The anti-apoptotic Bcl-2 protein has the remarkable ability to prevent cell death from several noxious stimuli. Intriguingly, Bcl-2 overexpression in one cell type has been reported to protect against cell death in neighboring non-Bcl-2 overexpressing cell types. The mechanism of this "trans" protection has been speculated to be secondary to the release of a cytoprotective factor by Bcl-2 overexpressing cells. We employed a series of adoptive transfer experiments in which lymphocytes that overexpress Bcl-2 were administered to either wild type mice or mice lacking mature T and B cells (Rag-1-/-) to detect the presence or absence of the putative protective factor. We were unable to demonstrate "trans" protection. However, adoptive transfer of apoptotic or necrotic cells exacerbated the degree of apoptotic death in neighboring non-Bcl-2 overexpressing cells (p ≤ 0.05). Therefore, this data suggests that dying cells emit signals triggering cell death in neighboring non-Bcl-2 overexpressing cells, i.e., a "trans" destructive effect.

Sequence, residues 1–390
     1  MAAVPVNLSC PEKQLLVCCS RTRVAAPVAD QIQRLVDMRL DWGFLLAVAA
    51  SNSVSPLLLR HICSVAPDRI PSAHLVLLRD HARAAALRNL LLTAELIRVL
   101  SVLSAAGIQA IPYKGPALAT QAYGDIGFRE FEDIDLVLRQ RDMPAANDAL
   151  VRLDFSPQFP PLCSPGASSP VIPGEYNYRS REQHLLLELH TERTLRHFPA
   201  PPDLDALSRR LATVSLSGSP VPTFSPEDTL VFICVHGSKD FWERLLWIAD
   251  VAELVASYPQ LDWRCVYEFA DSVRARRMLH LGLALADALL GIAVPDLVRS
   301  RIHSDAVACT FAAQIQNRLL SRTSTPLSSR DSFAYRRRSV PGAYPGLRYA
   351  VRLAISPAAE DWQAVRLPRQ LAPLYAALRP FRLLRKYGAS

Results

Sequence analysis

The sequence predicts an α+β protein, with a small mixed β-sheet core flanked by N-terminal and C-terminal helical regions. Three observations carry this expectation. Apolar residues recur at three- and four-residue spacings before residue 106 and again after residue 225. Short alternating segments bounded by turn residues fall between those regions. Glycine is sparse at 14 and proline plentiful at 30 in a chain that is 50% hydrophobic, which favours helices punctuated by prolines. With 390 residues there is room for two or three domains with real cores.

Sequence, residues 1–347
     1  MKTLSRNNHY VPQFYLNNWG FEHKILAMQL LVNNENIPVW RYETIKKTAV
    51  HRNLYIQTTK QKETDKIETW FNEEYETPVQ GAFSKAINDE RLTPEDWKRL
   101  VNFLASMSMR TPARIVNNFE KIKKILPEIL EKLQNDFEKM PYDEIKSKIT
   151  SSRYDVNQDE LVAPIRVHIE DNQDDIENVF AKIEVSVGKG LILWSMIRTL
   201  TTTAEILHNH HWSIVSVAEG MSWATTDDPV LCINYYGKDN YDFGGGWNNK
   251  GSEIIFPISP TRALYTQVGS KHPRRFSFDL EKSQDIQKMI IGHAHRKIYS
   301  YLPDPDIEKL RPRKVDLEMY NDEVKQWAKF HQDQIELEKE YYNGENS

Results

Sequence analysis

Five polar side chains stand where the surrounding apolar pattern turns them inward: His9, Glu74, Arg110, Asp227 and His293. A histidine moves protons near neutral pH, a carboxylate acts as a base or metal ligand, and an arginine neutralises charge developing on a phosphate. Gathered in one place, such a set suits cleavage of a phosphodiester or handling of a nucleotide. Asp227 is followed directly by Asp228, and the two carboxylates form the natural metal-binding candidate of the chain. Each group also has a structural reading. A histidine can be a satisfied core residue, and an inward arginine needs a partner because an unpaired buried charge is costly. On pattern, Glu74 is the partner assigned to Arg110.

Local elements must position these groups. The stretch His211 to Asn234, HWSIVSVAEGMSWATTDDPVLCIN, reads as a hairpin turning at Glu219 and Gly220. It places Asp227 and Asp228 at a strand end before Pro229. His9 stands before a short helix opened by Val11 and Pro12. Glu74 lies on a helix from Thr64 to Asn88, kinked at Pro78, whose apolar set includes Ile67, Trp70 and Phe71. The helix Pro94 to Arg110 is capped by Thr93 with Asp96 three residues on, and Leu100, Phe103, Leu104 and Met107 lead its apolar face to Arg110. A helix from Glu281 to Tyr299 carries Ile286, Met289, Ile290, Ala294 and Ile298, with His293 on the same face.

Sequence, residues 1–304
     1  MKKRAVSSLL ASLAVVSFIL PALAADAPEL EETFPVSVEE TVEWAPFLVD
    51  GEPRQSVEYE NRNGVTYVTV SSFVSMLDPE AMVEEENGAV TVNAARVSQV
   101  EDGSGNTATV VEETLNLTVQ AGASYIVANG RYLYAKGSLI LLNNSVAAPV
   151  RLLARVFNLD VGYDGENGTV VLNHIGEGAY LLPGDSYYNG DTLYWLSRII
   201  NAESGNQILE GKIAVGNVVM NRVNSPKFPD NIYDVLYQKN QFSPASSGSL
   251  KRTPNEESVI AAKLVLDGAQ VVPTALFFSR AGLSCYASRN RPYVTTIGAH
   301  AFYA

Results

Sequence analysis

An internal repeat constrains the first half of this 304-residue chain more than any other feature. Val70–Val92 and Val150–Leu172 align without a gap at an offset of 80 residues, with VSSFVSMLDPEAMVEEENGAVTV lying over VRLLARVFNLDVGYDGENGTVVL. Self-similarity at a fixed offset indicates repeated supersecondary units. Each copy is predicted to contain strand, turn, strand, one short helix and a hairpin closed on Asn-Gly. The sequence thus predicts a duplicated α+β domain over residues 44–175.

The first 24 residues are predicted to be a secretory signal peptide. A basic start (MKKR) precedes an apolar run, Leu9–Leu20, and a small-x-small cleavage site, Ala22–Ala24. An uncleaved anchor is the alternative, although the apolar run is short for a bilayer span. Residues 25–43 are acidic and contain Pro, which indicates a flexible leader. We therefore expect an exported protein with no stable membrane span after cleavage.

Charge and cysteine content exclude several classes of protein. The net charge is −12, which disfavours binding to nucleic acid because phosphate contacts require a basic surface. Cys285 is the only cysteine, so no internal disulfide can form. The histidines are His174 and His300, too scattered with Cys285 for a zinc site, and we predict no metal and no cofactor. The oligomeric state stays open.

|Original language||English (US)|
|Number of pages||6|
|Journal||Biochemical and Biophysical Research Communications|
|State||Published - Feb 16 2007|
ASJC Scopus subject areas
- Molecular Biology
- Cell Biology